Known spiked penetrator clamps are not entirely satisfactory because such clamps permit misalignment with respect to a cable, in which case the tip of the advancing spike may pass by the conductor, not making any electrical contact with the conductor and giving a false indication that the cable is deenergized, with potentially hazardous results to workers or property.

SUMMARY OF THE INVENTION

The cable grasping and piercing tool of the present invention has means for positively gripping a cable to insure that at least one of a plurality of pointed pins will pierce the cable insulation and engage the conductor. A rotatable screw-threaded rod passes through an upper leg of a generally C-shaped clamp body for moving a platform mounted on an inner end of the rod towards and away from a lower leg of the C-shaped clamp body. The platform carries two or more pointed pins for piercing the insulation of a cable held in place between the lower clamp leg and a pair of guide arms which extend downward from opposite sides of the platform. The guide arms prevent misalignment of the tool with respect to the cable. The lower leg of the clamp body has an outwardly and upwardly extending lip for guiding the cable into place between the lower clamp leg and the platform. The tool may also be provided with means for attachment of a grounding cable.

A conventional elongated stick or handle of rigid non-conductive material can be used for turning of the threaded clamp rod by an operator working at a distance from an overhead or underground cable.

When, for example, a power outage shows that a power cable may have broken, maintenance personnel go to the site of the suggested break. If the cable is underground, a trench is dug to uncover a length of the cable, without touching the cable conductor, which may actually be energized. Then a worker moves the tool of the invention into place by sliding the upwardly extending lip of the tool's lower leg beneath the cable and bringing the cable into position beneath the movable pin-carrying platform. By rotating the threaded rod of the tool, the worker screws the platform downward until one or more of the pointed pins pierces the cable and contacts the internal conductor. If the-conductor is "hot", i.e. energized, an electrical discharge will result when the conductor is contacted. The worker is protected by the insulation provided by the non-conductive stick. The tool may additionally be grounded through a ground wire attached to an existing structure such as a water main.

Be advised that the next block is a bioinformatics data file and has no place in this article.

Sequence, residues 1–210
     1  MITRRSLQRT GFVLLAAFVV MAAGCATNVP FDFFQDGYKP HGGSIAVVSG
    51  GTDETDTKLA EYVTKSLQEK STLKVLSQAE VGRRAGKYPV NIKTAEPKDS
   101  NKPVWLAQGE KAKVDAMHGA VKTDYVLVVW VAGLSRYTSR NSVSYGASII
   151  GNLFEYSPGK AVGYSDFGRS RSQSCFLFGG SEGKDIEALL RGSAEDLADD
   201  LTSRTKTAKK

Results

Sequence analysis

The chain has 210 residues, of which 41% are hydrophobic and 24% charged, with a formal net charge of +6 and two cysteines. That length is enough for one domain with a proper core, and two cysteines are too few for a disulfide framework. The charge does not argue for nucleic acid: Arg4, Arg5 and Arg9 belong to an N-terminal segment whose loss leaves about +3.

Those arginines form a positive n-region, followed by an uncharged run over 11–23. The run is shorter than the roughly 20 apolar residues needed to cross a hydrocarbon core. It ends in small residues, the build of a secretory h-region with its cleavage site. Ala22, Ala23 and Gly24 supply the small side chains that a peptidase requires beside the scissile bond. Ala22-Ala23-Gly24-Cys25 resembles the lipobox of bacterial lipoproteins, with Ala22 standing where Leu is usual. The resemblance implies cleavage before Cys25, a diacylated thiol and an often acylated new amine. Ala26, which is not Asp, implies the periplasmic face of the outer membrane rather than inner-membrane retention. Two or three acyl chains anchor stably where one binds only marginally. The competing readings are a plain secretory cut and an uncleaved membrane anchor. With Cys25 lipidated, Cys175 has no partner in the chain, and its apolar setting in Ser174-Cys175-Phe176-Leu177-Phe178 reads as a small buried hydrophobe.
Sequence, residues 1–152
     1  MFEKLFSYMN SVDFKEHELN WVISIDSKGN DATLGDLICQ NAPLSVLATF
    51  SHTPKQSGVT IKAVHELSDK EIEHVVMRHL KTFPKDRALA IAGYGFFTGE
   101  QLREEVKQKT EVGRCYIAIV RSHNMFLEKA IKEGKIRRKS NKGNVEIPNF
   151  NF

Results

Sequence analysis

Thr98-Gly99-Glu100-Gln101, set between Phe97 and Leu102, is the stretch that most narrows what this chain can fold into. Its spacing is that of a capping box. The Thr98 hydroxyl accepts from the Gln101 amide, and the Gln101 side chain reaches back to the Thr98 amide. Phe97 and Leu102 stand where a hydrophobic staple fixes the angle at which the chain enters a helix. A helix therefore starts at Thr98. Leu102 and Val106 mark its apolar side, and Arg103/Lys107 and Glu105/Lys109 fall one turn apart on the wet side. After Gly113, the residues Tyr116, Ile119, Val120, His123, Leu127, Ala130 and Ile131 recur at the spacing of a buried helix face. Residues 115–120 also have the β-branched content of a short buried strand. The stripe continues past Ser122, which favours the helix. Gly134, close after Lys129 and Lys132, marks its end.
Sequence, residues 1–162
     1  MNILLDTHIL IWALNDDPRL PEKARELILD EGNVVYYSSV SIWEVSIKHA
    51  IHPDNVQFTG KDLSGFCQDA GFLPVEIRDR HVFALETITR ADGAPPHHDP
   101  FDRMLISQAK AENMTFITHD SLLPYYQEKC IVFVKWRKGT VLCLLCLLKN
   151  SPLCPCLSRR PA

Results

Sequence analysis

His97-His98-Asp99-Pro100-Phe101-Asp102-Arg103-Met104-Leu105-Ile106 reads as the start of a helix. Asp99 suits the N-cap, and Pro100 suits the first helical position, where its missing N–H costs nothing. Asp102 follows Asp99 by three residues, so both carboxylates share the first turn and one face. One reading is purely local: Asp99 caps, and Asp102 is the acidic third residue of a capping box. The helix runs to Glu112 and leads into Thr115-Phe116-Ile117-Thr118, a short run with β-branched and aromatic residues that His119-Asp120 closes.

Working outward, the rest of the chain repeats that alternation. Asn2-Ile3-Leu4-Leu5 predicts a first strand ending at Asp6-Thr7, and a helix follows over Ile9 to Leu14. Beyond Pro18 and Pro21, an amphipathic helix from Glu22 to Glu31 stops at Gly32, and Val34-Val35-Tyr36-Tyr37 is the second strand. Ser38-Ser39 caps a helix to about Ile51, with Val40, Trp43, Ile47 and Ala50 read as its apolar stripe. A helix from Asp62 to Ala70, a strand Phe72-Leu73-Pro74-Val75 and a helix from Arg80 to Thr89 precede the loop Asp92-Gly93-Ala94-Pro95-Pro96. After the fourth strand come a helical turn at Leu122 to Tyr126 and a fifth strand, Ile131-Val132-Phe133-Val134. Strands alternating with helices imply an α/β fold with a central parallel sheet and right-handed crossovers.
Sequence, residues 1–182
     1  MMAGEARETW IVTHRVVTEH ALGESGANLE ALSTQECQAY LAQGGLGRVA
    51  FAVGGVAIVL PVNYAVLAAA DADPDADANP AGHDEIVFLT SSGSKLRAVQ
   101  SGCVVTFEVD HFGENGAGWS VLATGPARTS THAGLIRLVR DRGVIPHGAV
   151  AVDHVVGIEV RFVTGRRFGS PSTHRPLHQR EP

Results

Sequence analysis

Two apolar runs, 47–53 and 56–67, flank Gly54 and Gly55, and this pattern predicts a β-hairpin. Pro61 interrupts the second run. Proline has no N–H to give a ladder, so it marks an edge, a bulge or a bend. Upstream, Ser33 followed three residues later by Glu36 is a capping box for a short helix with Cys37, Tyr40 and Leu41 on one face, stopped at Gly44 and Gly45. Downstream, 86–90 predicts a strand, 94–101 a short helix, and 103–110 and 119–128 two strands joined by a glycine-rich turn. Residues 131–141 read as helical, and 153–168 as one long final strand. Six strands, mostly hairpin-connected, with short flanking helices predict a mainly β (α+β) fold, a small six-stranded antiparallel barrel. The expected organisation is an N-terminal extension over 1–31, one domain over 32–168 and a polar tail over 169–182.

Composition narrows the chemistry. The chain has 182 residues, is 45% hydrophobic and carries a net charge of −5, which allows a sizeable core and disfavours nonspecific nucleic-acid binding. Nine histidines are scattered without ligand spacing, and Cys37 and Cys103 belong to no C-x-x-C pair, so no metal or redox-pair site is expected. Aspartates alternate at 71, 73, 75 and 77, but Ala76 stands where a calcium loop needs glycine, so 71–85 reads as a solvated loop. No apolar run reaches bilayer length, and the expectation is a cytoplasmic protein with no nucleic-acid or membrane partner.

If the cable is found to be energized, the tool can be removed and used to grasp the cable at another location closer to the place where the power failure was detected, or the tool can be left in place and another like tool can be employed at the new downstream location. If the cable is found to be de-energized at the new location, the break in the conductor must then be between the places at which the tool was employed. Power can then be shut off and the faulty length of cable can be repaired or replaced.

In a similar manner, the tool of the invention can be used to check an overhead cable.

BRIEF DESCRIPTION OF THE DRAWINGS

In the several drawing figures, in which like reference characters designate like parts throughout:

FIG. 1 is a side view of the tool of the invention in position before the tool is positioned for grasping an underground cable.

FIG. 2 is a view similar to that of FIG. 1 illustrating how the tool of the invention is positioned to grasp an underground cable.

FIG. 3 is a view in perspective of the tool of the invention.

FIG. 4 is a side view of the tool of the invention with hidden structure shown by dashed lines.

FIG. 5 is a view of the tool similar to that of FIG. 4 showing how the tool pierces cable insulation and contacts an inner conductor.

FIG. 6 is a front view of the tool of the invention in its "open" condition, with the platform withdrawn away from the lower clamp leg.

FIG. 7 is a top view of the tool of the invention.

FIG. 8 is a cross-sectional view of the tool of the invention looking upward from below the platform and illustrating a preferred arrangement of the insulation-piercing pins.

DETAILED DESCRIPTION OF PREFERRED EMBODIMENT